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Saturday, January 10, 2015

CRIMINAL APPEAL NO. 2402 OF 2014 [ Arising out of SLP (Crl.) No.6197 of 2014] K. Subramani … Appellant(s) versus K. Damodara Naidu … Respondent(s)


                        IN THE SUPREME COURT OF INDIA


                     CRIMINAL APPEAL NO.  2402  OF 2014
[ Arising out of  SLP (Crl.) No.6197 of 2014]

K. Subramani                            …     Appellant(s)


K. Damodara Naidu                   …    Respondent(s)

                               J U D G M E N T


Leave granted.

This appeal is preferred against judgment and order dated 10.10.2013  passed
by the High Court of Karnataka at Bangalore in  Criminal  Appeal  No.368  of
2009   wherein the High Court set aside the judgment  of  acquittal  of  the
trial court and remanded the case to the trial court for retrial.


The respondent herein/complainant and the appellant/accused were working  as
lecturers  in  a  Government  College  at  Bangalore.   The  case   of   the
complainant is that the accused borrowed a loan of Rs.14 lakhs  in  cash  on
1.12.1997 from him to start granite business, promising to  repay  the  same
with 3%  interest per month on demand and  issued  post-dated  cheque  dated
30.11.2000 for sum of Rs.29,12,000/- which included principal  and  interest
and few days prior to presentation of the cheque on its  due  date  to  bank
for encashment, the accused requested him not to  present  the  cheque   and
took extension of time of another three  years  for  repayment  and  finally
issued a cheque dated 16.08.2005 for a sum of Rs.73,83,552/- which  included
principal and interest. The complainant presented the  cheque  on  19.8.2005
for encashment to his banker and  it  was  dishonored  with  an  endorsement
‘fund  insufficient’ and the complainant issued legal  notice  on  12.9.2005
demanding  repayment within 15 days from the date  of  its  receipt  thereof
and accused  sent reply but  failed  to  comply  with  the  demand  and  the
complainant lodged complaint under Section 138 of the Negotiable  Instrument
Act, against the accused.

In the trial the complainant examined himself as PW1 and examined  CWs1  and
2 on his side and marked documents Exh. P1 to  P23.   The  accused  examined
himself as DW1 and marked documents Exhs. D1 to D5.  The  trial  court  held
that the complainant had no source of income to lend a sum  of  Rs.14  lakhs
to the accused and he failed to prove  that  there  is  legally  recoverable
debt payable by the accused to him and that in discharge of  said  liability
he issued the cheque and accordingly acquitted the accused  for the  alleged
offence  under  Section  138  of  N.I.  Act.   Aggrieved  by  the  same  the
complainant preferred appeal in the High Court in Criminal Appeal No.368  of
2009, and the High Court heard the appeal along  with  9  other  appeals  by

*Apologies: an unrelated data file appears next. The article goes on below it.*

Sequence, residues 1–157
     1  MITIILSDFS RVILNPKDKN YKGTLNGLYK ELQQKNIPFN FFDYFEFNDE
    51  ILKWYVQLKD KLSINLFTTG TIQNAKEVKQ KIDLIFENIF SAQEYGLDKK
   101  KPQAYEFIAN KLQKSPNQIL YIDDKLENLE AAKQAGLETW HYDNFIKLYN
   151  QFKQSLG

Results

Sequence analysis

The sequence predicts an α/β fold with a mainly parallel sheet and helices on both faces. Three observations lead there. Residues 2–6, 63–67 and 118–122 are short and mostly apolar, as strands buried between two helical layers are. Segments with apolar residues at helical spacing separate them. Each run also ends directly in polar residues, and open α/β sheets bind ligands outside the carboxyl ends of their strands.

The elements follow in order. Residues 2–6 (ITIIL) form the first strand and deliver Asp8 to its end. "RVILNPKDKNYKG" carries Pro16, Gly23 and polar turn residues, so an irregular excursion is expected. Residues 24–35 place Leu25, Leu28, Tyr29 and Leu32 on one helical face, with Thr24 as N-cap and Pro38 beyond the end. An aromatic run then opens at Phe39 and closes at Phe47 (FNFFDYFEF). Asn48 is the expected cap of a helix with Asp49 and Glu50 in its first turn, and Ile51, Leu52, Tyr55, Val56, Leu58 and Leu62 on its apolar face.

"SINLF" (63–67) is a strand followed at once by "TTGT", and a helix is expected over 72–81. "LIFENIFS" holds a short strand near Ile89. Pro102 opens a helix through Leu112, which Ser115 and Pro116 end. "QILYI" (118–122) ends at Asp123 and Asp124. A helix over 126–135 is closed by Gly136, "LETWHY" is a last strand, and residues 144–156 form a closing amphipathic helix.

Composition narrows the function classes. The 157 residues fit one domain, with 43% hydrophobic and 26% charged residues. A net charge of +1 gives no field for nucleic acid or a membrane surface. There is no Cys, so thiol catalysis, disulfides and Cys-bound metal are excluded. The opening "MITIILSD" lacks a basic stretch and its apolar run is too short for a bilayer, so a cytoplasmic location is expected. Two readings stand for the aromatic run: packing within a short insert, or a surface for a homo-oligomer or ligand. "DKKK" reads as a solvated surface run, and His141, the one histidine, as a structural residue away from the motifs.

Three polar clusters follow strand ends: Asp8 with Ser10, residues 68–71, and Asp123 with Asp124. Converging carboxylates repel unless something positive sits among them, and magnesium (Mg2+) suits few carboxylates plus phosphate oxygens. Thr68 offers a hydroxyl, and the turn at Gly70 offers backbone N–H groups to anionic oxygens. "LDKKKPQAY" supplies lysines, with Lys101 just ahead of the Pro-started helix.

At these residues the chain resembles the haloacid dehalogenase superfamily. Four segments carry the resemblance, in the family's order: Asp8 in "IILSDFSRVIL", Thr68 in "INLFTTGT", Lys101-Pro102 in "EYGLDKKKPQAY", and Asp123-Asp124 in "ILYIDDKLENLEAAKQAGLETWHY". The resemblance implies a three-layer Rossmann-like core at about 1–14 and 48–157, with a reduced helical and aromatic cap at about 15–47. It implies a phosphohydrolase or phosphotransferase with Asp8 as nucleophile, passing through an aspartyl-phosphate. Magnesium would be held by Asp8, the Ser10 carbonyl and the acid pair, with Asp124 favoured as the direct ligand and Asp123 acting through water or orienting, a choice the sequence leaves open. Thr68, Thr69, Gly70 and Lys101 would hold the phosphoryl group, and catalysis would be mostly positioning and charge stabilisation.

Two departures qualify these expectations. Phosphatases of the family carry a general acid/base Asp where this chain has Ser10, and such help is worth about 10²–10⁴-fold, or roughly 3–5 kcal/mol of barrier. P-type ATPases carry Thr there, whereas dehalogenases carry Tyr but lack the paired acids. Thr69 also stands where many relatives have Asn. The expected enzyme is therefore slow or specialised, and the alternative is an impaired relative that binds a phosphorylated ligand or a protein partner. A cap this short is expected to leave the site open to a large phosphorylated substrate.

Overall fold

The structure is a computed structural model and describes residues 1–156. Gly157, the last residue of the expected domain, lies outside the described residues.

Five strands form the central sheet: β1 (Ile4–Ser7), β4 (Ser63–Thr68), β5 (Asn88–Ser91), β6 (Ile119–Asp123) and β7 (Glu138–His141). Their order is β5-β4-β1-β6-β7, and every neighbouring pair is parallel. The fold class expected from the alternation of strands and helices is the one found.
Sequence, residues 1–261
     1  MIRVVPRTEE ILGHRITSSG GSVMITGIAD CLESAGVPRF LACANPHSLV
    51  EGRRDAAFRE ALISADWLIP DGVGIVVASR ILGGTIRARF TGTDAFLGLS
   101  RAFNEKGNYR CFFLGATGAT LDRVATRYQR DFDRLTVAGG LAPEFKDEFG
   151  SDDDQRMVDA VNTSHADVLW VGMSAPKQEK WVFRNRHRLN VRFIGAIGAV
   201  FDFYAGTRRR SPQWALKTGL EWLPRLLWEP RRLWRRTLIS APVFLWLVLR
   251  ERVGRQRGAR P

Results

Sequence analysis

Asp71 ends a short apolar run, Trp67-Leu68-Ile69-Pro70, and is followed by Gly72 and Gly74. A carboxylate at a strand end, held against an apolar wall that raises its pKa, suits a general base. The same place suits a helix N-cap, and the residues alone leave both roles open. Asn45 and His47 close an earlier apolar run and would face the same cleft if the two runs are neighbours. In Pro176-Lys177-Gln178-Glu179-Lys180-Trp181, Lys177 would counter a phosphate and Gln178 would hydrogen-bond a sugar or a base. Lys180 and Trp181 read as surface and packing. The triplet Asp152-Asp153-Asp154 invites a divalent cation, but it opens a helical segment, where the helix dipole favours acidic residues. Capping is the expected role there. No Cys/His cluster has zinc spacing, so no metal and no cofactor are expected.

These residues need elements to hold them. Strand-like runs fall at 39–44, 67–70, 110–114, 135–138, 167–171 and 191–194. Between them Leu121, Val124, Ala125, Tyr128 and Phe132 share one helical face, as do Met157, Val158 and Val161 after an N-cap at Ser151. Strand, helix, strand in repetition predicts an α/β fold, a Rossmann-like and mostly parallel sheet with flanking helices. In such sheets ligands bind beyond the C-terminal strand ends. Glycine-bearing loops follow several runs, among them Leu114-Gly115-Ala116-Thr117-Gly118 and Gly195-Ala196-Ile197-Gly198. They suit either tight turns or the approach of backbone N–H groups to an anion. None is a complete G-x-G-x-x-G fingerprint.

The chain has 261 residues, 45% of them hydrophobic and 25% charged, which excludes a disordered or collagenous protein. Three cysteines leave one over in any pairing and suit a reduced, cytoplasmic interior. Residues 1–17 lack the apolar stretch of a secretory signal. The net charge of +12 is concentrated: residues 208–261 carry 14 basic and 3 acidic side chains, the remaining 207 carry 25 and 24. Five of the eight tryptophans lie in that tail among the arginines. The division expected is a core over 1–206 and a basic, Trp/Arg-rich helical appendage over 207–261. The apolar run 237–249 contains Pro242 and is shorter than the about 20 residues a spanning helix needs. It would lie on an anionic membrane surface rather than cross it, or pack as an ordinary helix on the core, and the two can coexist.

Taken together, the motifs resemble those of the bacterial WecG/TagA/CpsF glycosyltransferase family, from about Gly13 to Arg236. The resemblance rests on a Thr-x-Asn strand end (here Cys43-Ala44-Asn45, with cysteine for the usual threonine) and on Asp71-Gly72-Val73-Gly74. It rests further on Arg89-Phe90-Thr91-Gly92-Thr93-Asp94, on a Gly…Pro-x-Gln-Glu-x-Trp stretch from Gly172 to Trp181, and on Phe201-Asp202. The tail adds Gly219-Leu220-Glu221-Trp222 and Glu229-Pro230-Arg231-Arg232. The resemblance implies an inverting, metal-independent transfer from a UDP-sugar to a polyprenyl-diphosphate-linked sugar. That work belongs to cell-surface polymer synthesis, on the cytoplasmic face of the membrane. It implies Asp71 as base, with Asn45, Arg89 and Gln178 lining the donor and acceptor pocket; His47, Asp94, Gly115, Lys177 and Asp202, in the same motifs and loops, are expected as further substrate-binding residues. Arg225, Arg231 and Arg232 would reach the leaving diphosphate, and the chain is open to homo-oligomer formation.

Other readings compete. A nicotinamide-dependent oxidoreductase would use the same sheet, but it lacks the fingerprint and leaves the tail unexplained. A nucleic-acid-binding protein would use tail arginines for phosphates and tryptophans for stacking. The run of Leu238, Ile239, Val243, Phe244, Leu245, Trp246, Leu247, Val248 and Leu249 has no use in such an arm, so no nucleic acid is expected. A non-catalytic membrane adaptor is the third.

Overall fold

framing two legal issues which are as under:

“  i) Whether an action under Section 138 of the N.I. Act  for  dishonor  of
cheque is the complainant required to establish his  financial  capacity  to
lend money?

ii) Will not presumption under Section 139 of the N.I. Act  accrues  to  the
benefit of the complainant unless the accused rebuts that presumption?”

Relying on the ratio laid down by this Court in  the  decision  in  Rangappa
vs. Sri Mohan  [(2010) 11 SCC 441] the High Court answered the  first  issue
in the negative and the second issue in the affirmative.   It  further  held
that the orders of acquittal recorded by the trial court in all the  appeals
 suffer from legal infirmity as the prosecution has  been   undone  only  on
the ground that complainant had not proved his capacity to  lend  money  and
hence those orders are liable to be set aside.  Accordingly it  allowed  the
appeals and set aside the respective judgments  of  acquittal  and  remanded
the cases to courts concerned directing  retrial.   The  present  appeal  is
preferred challenging the said judgment.

The learned counsel appearing for the  appellant/respondent  contended  that
the High Court erroneously clubbed a  batch  of  10  criminal  appeals   and
formulated two questions of  law  and  insofar  as  the  present  appeal  is
concerned  the trial court  never  proceeded  on  the  assumption  that  the
presumption under Section 139 of the N.I. Act would enure to the benefit  of
the complainant only  if  he  proves  his  financial  capacity  and  on  the
contrary the trial court had for reasons recorded  found  that  the  accused
has rebutted the presumption by placing cogent evidence that  there  was  no
legally recoverable debt or liability and the complainant  had  no  capacity
to  lend  huge  amount  of  Rs.14  lakhs  and,  accordingly,  dismissed  the
complaint by acquitting the accused.  It is his further contention that  the
High Court without going into the merits proceeded  to  remand  the  present